The charges are for defrauding the US government. Many of the affected families, in both the US and Ethiopia, were also defrauded, and their lives immeasurably and unfairly damaged. There will be no direct compensation for them, though they have experienced considerable trauma and harm. This is especially true for the children, who are all now 7 or 8 years older than they were during the time this fraud was allegedly occurring. How can these families–now the witnesses and victims in this trial–best be helped and healed?
Some have suggested that IAG should be charged with trafficking. Trafficking, though, involves the transfer of children internationally for purposes of exploitation, such as forced labor, sexual purposes, military service, drug trade, or forced begging. While these end purposes were not the intent, as best I know, of either IAG nor the adoptive families, the way that these children were “internationally transferred” appears jarring and exploitative. The children may not have been trafficked under the current definition of international law. That does not mean, though, that serious thought should be given to a new definition of criminal offense that may not be “trafficking,” but that does relate to the way fraudulent international adoptions are handled. Such a definition should include compensation and support for all victims: birth families, adoptive families, and the adoptees.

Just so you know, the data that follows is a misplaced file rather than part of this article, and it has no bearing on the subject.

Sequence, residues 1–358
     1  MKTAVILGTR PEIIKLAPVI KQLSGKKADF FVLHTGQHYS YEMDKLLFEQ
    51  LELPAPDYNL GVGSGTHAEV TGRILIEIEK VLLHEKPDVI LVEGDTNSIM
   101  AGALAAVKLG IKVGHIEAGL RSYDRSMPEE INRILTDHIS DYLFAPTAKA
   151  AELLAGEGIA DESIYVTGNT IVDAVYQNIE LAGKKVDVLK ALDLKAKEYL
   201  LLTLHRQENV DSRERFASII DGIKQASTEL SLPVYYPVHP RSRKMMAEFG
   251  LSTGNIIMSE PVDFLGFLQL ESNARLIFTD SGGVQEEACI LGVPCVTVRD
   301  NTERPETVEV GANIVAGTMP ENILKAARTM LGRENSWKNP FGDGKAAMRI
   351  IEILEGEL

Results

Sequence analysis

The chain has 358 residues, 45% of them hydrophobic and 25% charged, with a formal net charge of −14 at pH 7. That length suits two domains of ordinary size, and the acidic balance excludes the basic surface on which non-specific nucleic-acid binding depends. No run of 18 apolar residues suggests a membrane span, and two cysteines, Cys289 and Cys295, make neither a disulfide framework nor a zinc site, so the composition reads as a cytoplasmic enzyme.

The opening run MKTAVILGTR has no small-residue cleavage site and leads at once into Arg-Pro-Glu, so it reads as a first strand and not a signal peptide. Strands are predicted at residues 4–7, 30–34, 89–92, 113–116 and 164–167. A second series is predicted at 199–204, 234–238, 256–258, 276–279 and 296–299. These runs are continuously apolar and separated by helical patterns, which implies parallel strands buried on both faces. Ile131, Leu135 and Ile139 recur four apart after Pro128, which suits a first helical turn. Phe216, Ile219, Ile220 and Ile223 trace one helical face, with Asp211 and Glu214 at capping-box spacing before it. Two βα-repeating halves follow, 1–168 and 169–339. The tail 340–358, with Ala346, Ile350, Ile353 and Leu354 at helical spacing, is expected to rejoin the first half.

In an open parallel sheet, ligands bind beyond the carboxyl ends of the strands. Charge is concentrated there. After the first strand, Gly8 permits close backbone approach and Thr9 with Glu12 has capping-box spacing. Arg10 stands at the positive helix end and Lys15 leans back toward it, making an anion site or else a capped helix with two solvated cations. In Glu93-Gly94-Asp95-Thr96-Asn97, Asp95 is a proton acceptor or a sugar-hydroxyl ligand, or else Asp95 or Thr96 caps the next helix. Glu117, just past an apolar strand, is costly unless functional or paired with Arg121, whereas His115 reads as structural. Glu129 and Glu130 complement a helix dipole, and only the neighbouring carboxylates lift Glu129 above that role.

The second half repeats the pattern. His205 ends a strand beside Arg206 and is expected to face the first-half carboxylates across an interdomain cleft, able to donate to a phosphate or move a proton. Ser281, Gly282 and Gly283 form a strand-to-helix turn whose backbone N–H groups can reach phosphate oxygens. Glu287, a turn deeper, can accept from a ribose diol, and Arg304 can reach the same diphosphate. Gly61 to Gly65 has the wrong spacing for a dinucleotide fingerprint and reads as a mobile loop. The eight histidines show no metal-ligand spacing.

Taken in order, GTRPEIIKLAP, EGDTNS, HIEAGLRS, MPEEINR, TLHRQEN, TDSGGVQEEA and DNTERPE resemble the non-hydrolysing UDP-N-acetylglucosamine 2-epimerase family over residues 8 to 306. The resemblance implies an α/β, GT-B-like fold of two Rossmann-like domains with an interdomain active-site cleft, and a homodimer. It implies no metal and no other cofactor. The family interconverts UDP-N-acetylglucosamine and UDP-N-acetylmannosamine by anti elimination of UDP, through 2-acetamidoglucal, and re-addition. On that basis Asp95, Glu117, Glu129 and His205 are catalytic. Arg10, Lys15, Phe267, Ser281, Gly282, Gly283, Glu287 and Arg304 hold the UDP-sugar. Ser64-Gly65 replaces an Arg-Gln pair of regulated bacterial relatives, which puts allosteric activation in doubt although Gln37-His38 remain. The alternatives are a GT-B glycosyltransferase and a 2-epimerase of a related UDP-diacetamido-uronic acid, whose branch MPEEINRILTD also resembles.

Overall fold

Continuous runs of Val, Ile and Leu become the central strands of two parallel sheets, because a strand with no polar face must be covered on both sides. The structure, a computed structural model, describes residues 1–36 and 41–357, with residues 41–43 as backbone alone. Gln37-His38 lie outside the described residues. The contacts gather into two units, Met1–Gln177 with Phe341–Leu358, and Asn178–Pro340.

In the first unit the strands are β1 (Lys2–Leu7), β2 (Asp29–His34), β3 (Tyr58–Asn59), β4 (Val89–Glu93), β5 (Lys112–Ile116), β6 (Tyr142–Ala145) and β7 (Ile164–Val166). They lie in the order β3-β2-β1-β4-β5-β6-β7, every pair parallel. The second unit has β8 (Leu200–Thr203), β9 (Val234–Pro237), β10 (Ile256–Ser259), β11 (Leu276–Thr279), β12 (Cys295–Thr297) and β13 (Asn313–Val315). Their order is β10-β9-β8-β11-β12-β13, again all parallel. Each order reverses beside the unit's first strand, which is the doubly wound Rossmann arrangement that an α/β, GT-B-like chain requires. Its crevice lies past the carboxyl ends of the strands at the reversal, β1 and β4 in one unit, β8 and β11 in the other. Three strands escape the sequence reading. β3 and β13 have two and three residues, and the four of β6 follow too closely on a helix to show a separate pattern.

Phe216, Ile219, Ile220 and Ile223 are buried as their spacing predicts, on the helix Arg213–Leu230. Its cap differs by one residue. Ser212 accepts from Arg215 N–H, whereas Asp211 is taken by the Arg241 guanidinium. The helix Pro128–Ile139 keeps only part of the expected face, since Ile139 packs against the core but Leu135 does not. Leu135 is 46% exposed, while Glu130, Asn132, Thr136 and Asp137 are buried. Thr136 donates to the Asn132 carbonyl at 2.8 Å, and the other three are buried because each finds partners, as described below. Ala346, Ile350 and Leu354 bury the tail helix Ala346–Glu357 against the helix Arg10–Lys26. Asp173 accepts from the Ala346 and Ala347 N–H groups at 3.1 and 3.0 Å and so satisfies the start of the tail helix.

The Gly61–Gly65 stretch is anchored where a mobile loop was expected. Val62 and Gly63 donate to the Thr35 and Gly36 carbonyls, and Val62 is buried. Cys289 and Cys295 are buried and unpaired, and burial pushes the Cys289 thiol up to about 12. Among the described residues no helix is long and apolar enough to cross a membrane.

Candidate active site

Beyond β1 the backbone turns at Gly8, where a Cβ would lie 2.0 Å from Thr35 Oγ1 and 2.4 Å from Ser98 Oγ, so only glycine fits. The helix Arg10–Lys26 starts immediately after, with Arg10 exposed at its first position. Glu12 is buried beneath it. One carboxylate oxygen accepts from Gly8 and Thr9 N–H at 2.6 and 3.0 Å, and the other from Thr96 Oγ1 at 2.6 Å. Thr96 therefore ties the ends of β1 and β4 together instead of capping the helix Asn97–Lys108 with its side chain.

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“How can these families–now the witnesses and victims in this trial–best be helped and healed?”
Well, 10 years after the previous prosecution of US citizens who did the same things (conspired to complete international adoptions under a system of law written by and for US adoption agencies), I’m not hopeful that this trial will result in news coverage let alone reform, but a couple of thoughts come to mind.
1) I was defrauded, my kid’s identity was laundered, and her Cambodian family was exploited…and it’s not clear that any law was broken in the process. Changing the definition of ‘trafficking’ would be worth exploring; aside from adoption agents in developing countries, who is benefitting from the def. that focuses on the purpose of the transfer? Instead of a definition that says, international transfer of a child is unlawful unless informed consent of all parties to the transfer is proven, which would put the burden of demonstrating best interests in the laps of the people making money off the transfer?
2) Desiree Smolin suggested a reframing of what occurs in international adoption to put this kind of criminal prosecution in context. Her idea was, What if we treated the revelation that an adoption involved fraud like we treat a plane crash–by providing services for the survivors, and assessing the system to find the weaknesses that led to disaster? Instead, we have a system under which my urge to find out the truth about my child’s past is both a personal matter, and potentially uncovering a crime in which I’m both victim and participant. That…doesn’t make much sense.
I understand that my family’s experience isn’t typical, but I don’t think we’re alone in wishing that we had been told the truth about our child from the beginning. Even if that meant fewer adoptions.